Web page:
Friday, 1 February 2013
The Enemy Within
My husband is a fairly benign soul who has never had a physical fight in his life (though he takes it on himself to ask strangers on trains to turn down their iPods, so I'm fairly sure he's on borrowed time there), and who moves through the world in a generally peaceable manner. However, he has a sworn Enemy in the man who runs our local DIY shop, and should the simmering cauldron of tension and mutual loathing that has been bubbling away between them for fifteen years ever erupt into physical life, the resulting explosion will be felt as far away as Krakatoa (East of Java).
It all began when we bought our house, which needed an enormous amount of work. Feeling it was only right to support small local businesses where possible, and pleased to be living in an area that still has a full parade of active, occupied small shops selling proper things that people need like apples, chops and rawl plugs, he headed down to the hardware shop in his overalls, clutching his exciting blokey shopping list and hoping to return laden with goodies like caulk, white spirit and several grades of sandpaper. He came back furious.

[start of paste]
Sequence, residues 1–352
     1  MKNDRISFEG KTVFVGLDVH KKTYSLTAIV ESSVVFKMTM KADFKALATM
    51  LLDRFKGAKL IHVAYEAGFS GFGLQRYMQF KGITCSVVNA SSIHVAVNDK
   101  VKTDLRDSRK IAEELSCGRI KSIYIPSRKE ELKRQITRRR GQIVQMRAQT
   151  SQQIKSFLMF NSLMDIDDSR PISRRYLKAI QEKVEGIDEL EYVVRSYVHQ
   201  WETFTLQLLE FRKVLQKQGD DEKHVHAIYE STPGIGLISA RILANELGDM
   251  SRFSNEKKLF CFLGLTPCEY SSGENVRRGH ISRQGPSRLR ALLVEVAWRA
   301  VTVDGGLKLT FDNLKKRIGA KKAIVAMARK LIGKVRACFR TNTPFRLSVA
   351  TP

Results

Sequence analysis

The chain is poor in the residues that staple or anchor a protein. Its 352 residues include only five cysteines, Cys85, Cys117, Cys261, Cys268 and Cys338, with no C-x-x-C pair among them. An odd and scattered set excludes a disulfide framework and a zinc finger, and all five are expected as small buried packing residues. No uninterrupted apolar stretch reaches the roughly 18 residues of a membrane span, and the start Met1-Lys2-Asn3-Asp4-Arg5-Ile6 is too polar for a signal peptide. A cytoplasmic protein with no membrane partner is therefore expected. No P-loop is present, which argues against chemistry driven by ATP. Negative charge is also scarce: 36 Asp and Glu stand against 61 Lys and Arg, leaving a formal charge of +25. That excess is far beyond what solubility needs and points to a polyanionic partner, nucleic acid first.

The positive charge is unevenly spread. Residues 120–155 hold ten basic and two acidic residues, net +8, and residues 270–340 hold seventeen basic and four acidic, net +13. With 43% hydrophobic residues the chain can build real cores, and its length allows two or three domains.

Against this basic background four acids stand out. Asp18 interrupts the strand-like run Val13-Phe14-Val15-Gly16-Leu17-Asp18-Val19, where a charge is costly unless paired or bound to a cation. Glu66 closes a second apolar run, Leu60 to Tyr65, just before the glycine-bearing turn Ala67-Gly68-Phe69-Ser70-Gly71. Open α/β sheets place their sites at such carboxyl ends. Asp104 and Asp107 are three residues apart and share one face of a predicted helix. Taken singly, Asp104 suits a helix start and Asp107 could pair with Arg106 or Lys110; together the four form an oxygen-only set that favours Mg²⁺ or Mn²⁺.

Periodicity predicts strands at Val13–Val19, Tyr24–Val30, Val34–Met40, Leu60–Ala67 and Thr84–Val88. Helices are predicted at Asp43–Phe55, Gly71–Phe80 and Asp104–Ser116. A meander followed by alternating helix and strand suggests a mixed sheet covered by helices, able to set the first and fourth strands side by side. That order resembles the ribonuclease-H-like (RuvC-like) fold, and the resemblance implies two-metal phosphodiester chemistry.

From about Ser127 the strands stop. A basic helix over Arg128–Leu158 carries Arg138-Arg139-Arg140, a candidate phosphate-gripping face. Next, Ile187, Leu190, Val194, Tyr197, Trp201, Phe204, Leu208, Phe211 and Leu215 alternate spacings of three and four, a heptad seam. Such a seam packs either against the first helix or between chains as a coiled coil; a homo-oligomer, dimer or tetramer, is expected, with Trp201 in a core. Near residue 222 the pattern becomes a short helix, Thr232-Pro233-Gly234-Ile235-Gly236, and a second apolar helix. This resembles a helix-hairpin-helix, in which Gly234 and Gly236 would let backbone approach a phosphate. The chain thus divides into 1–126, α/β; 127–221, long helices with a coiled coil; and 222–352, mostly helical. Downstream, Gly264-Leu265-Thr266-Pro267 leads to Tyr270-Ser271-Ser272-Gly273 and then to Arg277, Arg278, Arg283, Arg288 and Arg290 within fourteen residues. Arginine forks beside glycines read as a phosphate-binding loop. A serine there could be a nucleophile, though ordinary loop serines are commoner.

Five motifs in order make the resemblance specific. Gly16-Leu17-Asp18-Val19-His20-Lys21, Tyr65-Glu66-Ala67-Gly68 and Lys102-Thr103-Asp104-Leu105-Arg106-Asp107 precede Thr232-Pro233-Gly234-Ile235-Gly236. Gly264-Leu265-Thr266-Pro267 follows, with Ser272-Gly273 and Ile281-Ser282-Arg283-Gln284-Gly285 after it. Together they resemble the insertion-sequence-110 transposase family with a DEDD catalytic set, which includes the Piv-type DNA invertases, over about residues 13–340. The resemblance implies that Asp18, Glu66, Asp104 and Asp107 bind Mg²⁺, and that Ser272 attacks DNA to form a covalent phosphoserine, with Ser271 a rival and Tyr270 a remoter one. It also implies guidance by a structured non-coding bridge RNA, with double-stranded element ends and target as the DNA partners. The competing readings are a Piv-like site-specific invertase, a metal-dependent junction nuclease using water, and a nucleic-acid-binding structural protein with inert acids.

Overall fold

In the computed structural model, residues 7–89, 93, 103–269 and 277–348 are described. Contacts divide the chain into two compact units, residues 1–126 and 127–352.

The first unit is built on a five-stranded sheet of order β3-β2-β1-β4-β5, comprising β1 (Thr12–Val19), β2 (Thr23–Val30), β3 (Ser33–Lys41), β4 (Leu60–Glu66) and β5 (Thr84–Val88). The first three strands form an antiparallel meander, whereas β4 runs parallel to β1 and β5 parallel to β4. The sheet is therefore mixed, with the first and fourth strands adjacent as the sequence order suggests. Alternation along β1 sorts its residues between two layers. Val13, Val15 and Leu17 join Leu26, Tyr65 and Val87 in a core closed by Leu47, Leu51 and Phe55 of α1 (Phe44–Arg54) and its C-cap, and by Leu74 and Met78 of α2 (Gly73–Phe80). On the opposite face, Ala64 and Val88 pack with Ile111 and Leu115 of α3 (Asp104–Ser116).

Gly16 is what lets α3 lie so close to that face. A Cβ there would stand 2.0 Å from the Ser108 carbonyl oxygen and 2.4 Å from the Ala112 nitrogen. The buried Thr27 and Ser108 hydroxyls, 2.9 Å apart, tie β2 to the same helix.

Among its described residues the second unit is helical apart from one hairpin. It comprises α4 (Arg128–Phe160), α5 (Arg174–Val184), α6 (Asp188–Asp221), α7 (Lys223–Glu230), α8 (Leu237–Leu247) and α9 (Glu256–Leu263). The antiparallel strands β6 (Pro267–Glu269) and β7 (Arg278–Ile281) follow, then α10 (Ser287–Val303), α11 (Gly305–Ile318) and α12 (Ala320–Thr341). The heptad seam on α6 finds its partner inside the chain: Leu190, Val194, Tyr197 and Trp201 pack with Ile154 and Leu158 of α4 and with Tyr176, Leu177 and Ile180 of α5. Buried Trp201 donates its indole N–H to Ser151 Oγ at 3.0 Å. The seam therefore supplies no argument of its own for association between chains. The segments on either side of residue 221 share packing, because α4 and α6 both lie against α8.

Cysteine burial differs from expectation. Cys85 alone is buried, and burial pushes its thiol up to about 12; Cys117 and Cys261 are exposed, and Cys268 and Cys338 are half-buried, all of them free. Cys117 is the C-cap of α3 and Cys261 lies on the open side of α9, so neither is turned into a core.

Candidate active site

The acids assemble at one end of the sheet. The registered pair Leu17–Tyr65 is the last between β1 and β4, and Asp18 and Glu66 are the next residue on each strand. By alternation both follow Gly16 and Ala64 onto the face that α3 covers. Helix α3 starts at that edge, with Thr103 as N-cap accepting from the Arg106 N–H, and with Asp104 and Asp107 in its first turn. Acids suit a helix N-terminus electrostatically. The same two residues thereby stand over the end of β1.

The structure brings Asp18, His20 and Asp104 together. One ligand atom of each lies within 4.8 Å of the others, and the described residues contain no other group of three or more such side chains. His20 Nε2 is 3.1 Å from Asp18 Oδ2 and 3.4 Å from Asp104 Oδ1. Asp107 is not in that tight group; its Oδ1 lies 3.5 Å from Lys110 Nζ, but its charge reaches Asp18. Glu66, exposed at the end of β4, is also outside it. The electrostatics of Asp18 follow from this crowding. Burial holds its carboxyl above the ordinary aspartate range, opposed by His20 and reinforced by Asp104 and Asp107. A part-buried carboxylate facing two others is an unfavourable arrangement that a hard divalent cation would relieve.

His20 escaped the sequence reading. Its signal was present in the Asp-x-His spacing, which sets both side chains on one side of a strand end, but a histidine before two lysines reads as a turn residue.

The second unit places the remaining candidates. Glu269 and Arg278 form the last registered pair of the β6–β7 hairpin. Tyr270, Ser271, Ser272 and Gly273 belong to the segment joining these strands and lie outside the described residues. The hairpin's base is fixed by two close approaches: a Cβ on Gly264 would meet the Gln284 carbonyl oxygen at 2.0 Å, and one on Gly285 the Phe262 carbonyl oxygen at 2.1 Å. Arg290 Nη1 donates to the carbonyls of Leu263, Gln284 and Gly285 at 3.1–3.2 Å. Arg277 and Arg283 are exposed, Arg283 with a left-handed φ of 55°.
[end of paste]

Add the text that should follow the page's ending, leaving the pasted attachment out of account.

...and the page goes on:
"Have you seen that twat in the DIY shop? I mean, have you SEEN him?"
I had seen him; a man slightly older than ourselves with a leather jacket and a "40 but still trying"Peter Perrett hairdo, into which he had invested a great deal of work (still does.). He would often stand outside the shop smoking snouts which he put together on one of those little rolling contraptions, and always held between forefinger and thumb like Private Walker at the start of Dad's Army. I thought he looked a bit of a poseur but that's hardly unusual down here, and anyway he'd been alright to me when I went in for a mop and some clothes pegs.